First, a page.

City Utilities is suing Minnesota-based manufacturer 3M for illegally dumping “forever chemicals” at their Springfield plant that have and continue to contaminate the groundwater and the water at James River, a source of drinking water for the utility.

At the core of the lawsuit is the contamination of Springfield’s drinking water supply with PFAS, or per- and polyfluoroalkyl substances. The man-made chemicals, widely used since the 1940s in a wide array of products and industrial processes, break down extremely slowly and can build up in humans and wildlife and lead to increased risk of certain cancers and other serious health complications, though the full impact on health is not yet known. 3M has been a leading manufacturer of the compounds, which have been found in firefighting foams, cleaning products, cookware, carpeting, food packaging and beyond. In April, the U.S. Environmental Protection Agency finalized the first nationwide, legally enforceable drinking water regulations on five individual types of PFAS and a hazard index for mixtures containing two or more of certain PFAS.

ln anticipation of these regulations, CU began testing Springfield’s water supply in November 2022. Through the sampling, the utility detected concentrations of PFOS, a chemical within the PFAS umbrella, between 3.1 to 16 parts per trillion (ppt). For comparison 1 ppt is equivalent to one drop of water in 20 Olympic-size pools. The EPA’s new regulations establish maximum contaminant levels for PFOS and PFOA at 4 ppt but set 0 ppt as the final health-based, non-enforceable maximum contaminant level goal for the compound. Upon seeing these results, CU has been blending water from the James River with water from Fellows Lake to stay below the 4 ppt threshold and is exploring long-term removal options. Tap samples from March 5 showed all PFAS levels below the new EPA limits, according to CU.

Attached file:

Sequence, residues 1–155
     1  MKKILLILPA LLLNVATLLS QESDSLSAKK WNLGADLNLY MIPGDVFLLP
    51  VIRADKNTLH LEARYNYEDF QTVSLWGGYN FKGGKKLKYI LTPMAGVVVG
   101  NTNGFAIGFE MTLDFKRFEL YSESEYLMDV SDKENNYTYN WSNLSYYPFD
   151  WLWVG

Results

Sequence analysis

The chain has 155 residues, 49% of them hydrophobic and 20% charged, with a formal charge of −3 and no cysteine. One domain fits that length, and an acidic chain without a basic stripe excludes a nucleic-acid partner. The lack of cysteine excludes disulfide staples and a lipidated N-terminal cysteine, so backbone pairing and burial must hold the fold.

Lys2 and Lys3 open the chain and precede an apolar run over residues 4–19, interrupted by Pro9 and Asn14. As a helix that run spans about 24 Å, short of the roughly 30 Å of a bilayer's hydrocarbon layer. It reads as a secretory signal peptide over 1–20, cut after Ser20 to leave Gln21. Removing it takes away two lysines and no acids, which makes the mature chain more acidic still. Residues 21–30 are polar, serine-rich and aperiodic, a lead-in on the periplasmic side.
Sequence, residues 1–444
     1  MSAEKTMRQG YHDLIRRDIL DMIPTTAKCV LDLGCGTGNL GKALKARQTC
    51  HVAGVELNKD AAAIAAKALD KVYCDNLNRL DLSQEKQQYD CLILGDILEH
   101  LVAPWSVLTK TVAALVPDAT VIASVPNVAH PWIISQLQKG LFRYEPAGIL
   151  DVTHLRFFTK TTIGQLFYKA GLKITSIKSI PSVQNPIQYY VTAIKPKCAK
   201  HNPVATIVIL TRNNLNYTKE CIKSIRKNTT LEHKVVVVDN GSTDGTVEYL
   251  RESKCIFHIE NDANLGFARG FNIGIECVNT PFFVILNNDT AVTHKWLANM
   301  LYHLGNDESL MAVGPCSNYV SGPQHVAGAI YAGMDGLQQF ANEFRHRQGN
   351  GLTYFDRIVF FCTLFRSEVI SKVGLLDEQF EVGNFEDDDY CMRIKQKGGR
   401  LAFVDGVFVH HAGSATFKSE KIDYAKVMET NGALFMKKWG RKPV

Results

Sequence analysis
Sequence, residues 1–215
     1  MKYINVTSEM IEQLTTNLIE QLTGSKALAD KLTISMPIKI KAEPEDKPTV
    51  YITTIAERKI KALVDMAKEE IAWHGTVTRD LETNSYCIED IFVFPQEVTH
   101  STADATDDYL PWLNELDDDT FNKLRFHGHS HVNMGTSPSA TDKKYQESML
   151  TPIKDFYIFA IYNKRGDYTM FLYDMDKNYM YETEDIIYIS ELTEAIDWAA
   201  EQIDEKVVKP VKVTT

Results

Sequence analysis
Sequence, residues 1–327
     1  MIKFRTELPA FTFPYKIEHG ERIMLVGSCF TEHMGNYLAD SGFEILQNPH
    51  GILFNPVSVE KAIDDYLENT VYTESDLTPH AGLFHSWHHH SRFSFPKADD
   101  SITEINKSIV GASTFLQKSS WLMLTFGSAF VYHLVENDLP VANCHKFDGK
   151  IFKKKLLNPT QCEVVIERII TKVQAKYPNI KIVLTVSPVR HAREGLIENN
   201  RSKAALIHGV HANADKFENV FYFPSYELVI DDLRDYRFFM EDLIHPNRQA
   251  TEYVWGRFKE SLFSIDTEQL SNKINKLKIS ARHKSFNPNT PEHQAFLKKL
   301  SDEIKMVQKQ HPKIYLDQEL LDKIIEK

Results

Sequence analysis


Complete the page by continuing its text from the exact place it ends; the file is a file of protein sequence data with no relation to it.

The 3M manufacturing plant in Springfield, Mo. on Tuesday, June 4, 2024.

The 3M manufacturing plant in Springfield, Mo. on Tuesday, June 4, 2024.

What does the lawsuit claim?

The citizen lawsuit filed on Monday in the U.S. District Court for the Western District of Missouri Southern Division accuses 3M of violating the Clean Water Act, Resource Conservation and Recovery Act and rules of a stormwater discharge permit. Through the lawsuit, CU asks the courts to order the manufacturer to stop ongoing discharge of the chemicals, conduct sampling and provide adequate treatment technology to rid the city’s drinking water of PFAS.

3M’s Springfield plant at 3211 E. Chestnut Expressway has been in operation manufacturing adhesive and tape since 1967. CU claims that until 2020, 3M tested its aqueous film-forming foam (AFFF) fire suppression system annually, discharging spent wastewater onto the property and into its stormwater system. AFFF is commonly used as firefighting foam and known to contain PFAS. The testing of this foam and the subsequent discharge of it and the wastewater was a violation of the state operating permits, according to a letter sent to 3M by the Missouri Department of Natural Resources that CU submitted as an exhibit on the case.

The 3M manufacturing plant in Springfield, Mo. on Tuesday, June 4, 2024.

The 3M manufacturing plant in Springfield, Mo. on Tuesday, June 4, 2024.